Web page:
2011

September 3, 2011 - skyhar8000
This was an interesting trip. Knowing that tides would prevent me from accessing any but just the first cove, I went there to retrieve my floats. Big surprise! Floats all gone!! Someone will make...
August 1, 2011 - skyhar8000
Walked the mile from one end to the other -- bit risky because tide not out all that far. Was amazed to see very little human trash. I had stashed a large quantity of cork floats, and I carried...
June 17, 2011 - skyhar8000
Significant amount of finely-chopped kelp and sea vegetation, as though someone ran it through some gigantic Salad Shooter! Very little trash -- the ocean has made a fairly clean sweep. More than...
March 23, 2011 - skyhar8000
Able to access only the first four coves because tide was not ultra-low. Ocean has carved several cove floors into hills and valleys running east- west, so that hiking north-south requires some...

2010

June 12, 2010 - skyhar8000
Found two seal pup corpses. One was headless and being eaten by five (yes, 5!) bald eagles. The other was intact and perhaps 1/4 mile away. No cause of death immediately apparent. No adult or...
May 15, 2010 - skyhar8000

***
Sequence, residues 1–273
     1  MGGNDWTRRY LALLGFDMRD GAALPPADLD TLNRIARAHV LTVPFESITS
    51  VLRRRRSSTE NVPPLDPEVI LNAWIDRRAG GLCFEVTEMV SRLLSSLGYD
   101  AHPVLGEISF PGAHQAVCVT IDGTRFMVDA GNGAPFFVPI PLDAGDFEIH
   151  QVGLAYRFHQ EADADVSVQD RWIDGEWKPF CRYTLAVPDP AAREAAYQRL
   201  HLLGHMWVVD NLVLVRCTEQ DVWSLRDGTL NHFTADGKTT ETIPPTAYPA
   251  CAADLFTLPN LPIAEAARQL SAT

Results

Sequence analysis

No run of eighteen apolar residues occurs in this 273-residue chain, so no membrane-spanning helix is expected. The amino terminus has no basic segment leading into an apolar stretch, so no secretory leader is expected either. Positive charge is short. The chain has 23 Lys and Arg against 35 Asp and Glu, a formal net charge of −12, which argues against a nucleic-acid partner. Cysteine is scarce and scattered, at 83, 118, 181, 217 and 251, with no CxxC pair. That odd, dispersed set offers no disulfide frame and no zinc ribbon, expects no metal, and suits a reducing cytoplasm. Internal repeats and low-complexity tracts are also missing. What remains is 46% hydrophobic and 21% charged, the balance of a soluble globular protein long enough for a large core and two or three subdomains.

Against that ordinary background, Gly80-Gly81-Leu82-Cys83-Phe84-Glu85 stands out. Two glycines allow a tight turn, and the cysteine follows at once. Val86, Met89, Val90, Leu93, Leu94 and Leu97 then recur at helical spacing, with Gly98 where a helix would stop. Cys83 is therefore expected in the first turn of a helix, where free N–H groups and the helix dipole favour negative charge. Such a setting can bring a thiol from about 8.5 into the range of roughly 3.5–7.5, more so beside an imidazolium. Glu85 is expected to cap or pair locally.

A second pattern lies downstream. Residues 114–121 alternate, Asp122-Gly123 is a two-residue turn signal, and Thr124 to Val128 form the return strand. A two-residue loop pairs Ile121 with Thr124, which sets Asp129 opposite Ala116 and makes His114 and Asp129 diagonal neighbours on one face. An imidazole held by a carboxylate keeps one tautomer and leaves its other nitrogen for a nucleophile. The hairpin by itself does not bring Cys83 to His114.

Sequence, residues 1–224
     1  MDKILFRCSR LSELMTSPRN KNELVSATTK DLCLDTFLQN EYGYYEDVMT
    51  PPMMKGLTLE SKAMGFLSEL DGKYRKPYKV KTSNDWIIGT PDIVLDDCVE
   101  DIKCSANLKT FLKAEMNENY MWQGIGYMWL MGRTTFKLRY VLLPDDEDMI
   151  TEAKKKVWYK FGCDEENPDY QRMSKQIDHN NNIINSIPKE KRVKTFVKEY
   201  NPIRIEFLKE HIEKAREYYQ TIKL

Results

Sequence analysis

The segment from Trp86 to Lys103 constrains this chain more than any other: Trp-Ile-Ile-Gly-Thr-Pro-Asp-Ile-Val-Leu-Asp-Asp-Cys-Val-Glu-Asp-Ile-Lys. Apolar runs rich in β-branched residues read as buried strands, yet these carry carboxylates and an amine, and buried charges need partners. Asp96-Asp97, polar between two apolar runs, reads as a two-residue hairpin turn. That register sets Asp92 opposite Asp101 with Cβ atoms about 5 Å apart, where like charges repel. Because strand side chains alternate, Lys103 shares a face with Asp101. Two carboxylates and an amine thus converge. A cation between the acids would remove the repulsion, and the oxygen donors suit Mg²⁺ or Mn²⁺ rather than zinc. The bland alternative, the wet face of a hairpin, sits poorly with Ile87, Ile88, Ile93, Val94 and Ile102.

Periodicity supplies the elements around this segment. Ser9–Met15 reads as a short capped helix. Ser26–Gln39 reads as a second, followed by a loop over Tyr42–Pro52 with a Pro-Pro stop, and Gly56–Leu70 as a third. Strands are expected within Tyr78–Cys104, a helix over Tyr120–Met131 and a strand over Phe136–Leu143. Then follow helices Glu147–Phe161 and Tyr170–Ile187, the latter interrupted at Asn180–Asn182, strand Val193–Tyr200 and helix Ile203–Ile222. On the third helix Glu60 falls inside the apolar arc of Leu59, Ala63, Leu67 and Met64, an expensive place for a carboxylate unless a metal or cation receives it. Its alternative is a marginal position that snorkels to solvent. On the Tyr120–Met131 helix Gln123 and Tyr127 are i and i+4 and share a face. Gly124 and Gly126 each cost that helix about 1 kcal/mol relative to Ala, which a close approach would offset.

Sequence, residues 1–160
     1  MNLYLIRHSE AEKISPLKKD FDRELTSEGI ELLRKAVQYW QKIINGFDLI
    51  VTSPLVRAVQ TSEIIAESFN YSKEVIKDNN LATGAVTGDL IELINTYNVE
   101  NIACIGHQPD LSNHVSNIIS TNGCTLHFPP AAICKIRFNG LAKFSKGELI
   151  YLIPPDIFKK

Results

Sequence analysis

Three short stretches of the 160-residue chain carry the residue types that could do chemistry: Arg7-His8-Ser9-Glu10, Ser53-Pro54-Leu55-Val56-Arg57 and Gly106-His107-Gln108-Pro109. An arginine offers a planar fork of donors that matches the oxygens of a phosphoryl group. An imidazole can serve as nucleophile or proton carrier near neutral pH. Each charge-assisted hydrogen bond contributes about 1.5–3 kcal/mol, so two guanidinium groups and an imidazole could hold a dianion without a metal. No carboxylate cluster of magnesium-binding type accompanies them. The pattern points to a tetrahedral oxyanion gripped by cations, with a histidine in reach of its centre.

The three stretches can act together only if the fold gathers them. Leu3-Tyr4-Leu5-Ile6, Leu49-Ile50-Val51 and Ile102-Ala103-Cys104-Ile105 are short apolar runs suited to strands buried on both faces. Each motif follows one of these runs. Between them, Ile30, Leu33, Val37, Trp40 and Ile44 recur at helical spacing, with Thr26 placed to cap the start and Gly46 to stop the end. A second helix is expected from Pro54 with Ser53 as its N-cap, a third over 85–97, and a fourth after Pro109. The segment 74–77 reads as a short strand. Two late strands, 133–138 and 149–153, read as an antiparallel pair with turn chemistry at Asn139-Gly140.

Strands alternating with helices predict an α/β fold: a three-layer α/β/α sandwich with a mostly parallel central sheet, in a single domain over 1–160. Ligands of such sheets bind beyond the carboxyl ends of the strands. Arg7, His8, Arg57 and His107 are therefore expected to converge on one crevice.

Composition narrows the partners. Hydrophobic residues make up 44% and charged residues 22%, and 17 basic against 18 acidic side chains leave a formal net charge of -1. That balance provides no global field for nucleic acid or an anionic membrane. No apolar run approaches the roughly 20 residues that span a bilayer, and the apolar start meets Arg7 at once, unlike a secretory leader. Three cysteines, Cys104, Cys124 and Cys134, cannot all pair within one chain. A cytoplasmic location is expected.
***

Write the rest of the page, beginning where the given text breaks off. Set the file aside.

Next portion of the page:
Threw 250-foot line down cliff to sea level. Had 1 person stay at top while I went down and got as many floats and as much debris as I could carry, and brought it to the rope. Hiked it up the hill...
May 1, 2010 - skyhar8000
Went down to my mile with a reporter from the Tillamook Headlight-Herald. Lots of washed in marine stuff. Plastic and other kinds of floats galore. Unfortunately, unable to locate my bags from...

2009

October 28, 2009 - skyhar8000
Roped down into "Cove 1" for litter control. The cliff trail 100 feet above sea level sustained a fall of scree, or loose rock, and roping garbage up from that point appear impossible now. I went...
June 20, 2009 - skyhar8000
Hiked the entire mile and picked up perhaps one or two bags of loose litter. Brought ALL of the stuff from my far cove to my near cove, where it needs to be hoisted and gotten out of there prior to...
April 27, 2009 - skyhar8000
Spent 2.5 hours doing litter pickup. Litter now in Coves 1 and 4 in sturdy bags above the high tide lines and ready for pickup. Will need to wait for another low tide to do this. Probably eight...

2008

December 11, 2008 - skyhar8000
Entered area 3:30pm as volunteer to look for the human and/or boat remains generated by the death of the NETWORK, a crabber that broke up out in Tillamook Bay. Very little trash washed in since my...
August 30, 2008 - skyhar8000
A team of three, including myself, went to Black Sand Beach and removed the litter that I picked up over the course of the spring and summer. As before, litter was roped up the cliffs and hiked to...
August 9, 2008 - skyhar8000
Dropped by the area but did not descend down to sea level, as tide was not low enough. Was there to look down and be sure litter gathered from my previous trips was still bagged and secured where I...
July 6, 2008 - skyhar8000